Gulls have long been associated with coastal towns, particularly herring gulls, however, this proximity to people can lead to conflict exacerbated by misconceptions and ineffective management measures. The RSPB’s Helen Quayle reports on gulls nesting in Scarborough, responds to concern over netted birds and calls for positive action.

    Within Scarborough there are two types of gull; kittiwakes and herring gulls…

    • 24 Jan 2018
  • Blue Planet II and the Albatross task force

    Blue Planet 2 has been the most watched television programme of the year, and for good reason, with its stunning cinematography and charismatic cast of characters. Steph Winnard, International Marine Project Manager for the RSPB, discusses the highlights of the show for her, and why the stories of the human impact are the scenes she won’t be forgetting.

    Over the last few weeks Blue Planet 2 has led us on an incredible…

    • 11 Dec 2017
  • Blue Planet II and protecting our green seas

    Jonathan Hall, RSPB Head of UK Overseas Territories Unit, talks cheeky penguins, kelp forests and marine reserves in our latest sealife blog.

    The ‘green seas’ featured in the latest spell-binding episode of Blue Planet II were dazzling. And the fact that many of these habitats, from shimmering sea-grass beds to epic underwater forests of kelp, are actually found in British waters is amazing.

    This isn’t necessarily…

    • 27 Nov 2017
  • Blue Planet II, wandering albatross and the UK

    The aging albatross parents fledging their last chick was a bitter-sweet moment in last night’s amazing Blue Planet II episode. Not mentioned however was that this was on a British island, for over a third of the world’s albatross breed on British islands in the southern seas. Jonathan Hall, Head of UK Overseas Territories Unit, and Kat Holmes, RSPB's Marine Policy Officer reflects on Blue Planet II's latest…

    • 20 Nov 2017
  • Marine health check result – action needed!

    Gareth Cunningham, RSPB Senior Policy Officer, reports from Cork in the Republic of Ireland where an important review of the health of our seabirds and the wider marine environment has been released.

    This year celebrates 25 years of the OSPAR commission, a mechanism by which 15 Governments and the EU cooperate to protect the marine environment of the North-East Atlantic (see OSPAR map). Established in 1992, OSPAR helps…

    • 29 Jun 2017
  • Atlantic Puffin at the crossroads – terminal decline or a cyclical slump?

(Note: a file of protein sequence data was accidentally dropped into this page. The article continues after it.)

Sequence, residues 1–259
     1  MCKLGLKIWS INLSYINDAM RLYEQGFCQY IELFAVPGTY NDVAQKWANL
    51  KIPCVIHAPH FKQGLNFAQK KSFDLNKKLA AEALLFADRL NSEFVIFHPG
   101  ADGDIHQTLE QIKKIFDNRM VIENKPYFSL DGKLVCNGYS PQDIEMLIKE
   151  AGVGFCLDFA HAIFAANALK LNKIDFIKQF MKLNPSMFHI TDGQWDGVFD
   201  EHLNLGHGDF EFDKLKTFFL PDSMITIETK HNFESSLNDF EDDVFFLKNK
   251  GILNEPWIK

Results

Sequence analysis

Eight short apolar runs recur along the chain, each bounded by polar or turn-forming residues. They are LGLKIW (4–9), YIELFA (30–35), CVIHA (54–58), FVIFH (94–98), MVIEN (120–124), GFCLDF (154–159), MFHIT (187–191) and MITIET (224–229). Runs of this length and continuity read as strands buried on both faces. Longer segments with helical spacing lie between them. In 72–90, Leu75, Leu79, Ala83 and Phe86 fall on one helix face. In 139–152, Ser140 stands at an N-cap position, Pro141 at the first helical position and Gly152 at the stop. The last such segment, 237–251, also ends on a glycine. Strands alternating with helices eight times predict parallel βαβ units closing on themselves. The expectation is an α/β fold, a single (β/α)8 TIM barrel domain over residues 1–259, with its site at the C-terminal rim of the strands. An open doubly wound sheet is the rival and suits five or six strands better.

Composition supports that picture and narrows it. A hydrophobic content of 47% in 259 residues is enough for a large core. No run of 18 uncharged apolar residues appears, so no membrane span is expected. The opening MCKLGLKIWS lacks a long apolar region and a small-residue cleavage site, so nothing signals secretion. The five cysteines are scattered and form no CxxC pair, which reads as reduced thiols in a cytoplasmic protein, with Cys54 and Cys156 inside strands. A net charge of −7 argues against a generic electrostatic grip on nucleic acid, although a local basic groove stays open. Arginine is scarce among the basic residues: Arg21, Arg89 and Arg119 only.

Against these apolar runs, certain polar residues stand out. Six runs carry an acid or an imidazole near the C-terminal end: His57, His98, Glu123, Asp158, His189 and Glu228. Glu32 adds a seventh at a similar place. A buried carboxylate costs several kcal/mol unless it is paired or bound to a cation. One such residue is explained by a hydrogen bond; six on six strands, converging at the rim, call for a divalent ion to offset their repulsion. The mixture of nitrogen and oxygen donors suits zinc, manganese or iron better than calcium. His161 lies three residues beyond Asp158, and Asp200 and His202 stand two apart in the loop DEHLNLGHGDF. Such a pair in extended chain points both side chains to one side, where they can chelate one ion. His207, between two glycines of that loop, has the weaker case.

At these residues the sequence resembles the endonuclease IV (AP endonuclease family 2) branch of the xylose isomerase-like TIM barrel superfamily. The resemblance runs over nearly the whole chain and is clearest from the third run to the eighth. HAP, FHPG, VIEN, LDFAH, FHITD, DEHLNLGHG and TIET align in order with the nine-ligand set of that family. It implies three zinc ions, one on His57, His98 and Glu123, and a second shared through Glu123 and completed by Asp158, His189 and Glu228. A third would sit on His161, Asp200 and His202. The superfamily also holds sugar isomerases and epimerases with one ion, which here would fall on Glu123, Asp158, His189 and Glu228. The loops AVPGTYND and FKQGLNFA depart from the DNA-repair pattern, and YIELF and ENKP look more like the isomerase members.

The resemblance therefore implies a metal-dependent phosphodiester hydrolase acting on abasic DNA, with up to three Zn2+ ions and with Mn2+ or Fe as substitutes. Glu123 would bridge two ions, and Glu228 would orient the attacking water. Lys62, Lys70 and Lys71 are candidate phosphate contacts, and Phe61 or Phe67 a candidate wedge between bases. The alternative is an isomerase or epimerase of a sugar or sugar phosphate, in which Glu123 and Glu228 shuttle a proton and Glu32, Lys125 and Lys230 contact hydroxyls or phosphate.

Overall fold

In 2015, the red-listing of puffin as vulnerable to global extinction rang alarm bells for everyone interested in the health of our oceans, writes Euan Dunn, RSPB Principal Policy Officer.

    In response to that challenge, seabird, plankton and fisheries experts will gather this week in Reykjavik. Along with oceanographers from Europe, the USA and Canada, the biologists will explore the causes behind eye-watering rates…

    • 22 Mar 2017
  • Now is the time to build a brighter future for our seas

    Today's blog is by Kat Holmes, Policy Officer. In her recent trip to our Bempton Cliffs reserve, she reflects on what Brexit will mean for the future of our fisheries policy and how that will affect our precious seabirds.

    The first seabirds are beginning to return to our coastlines and this week I was lucky enough to be at Bempton Cliffs to see some of the first gannets soaring past the cliffs. I watched gannets…

    • 13 Mar 2017
  • Let's keep fighting for Scotland's seabirds

    RSPB Scotland Marine Policy Officer Peadar O'Connell brings us this new blog on the successes we've seen in marine conservation in Scotland and why we need to keep pushing for more action to protect seabirds.

    As the sun rises on a dark stormy morning, the sea raging below, a puffin sits on the edge of the world. Taking to the skies she sets out on a familiar journey. The little clown braves the wind and rain…

    • 16 Feb 2017
  • Protect Welsh seas and save nature

    I ddarllen y blog yma yn y Gymraeg, cliciwch yma

    Every third breath you take comes from the ocean – or more specifically the millions of tiny plant life that live there. Our seas support billions of life forms, including humans, but they’re under threat. It is vital that we protect them.

    Recognising this situation, the state of our seas is currently high on the political agenda and the Welsh Assembly have…

    • 25 Jan 2017
  • Help our coastline and save special seabirds

    Our seabirds are struggling and need help. If you live in England, can you support our special seabirds campaign by contacting your MP and telling them how important Marine Conservation Zones are for our wonderful wildlife

    The coastline is a constant draw for holidaymakers and day-trippers, especially during the summer months. Sandcastles and forts are built on beaches, whilst intrepid explorers clamber over rocks, peering…

    • 28 Sep 2016
  • Threat to Tyne Kittiwakes

    Kittiwakes on the Tyne

    The River Tyne is now home to an important breeding population of nearly 1,000 pairs of kittiwake, including a colony of over 700 pairs on the Newcastle and Gateshead Quayside. This is thought to be the furthest inland breeding kittiwake colony in the world and is a unique part of the cityscape enjoyed by many local residents and visitors. Kittiwakes are a truly oceanic seabird usually breeding…

    • 11 Dec 2015
  • Fishing and Filming in Filey Bay

    The RSPB has been working with salmon netsmen in Filey Bay, Yorkshire, to tackle seabird bycatch in their fishery. I’m pleased to present a guest blog by Rory Crawford from the BirdLife International Marine Programme, who introduces (and stars in!) a film showcasing this work and the stunning wildlife of our Bempton Cliffs reserve.

    Some of you will be familiar with our work in Filey Bay, Yorkshire, including that…

    • 25 Aug 2015
  • Can marine planning deliver protection AND prosperity?

    This is a copy of a blog post I've done for our EU partners in BirdLife Europe, examining how spatial planning at sea can deliver for the environment and economic prosperity, particularly renewables and meeting our climate change targets. Remember to add your voice to over 250,000 others calling for the Nature Directives mentioned below not to be opened up by clicking here.


    1979 was a year to remember. It was…

    • 22 Jun 2015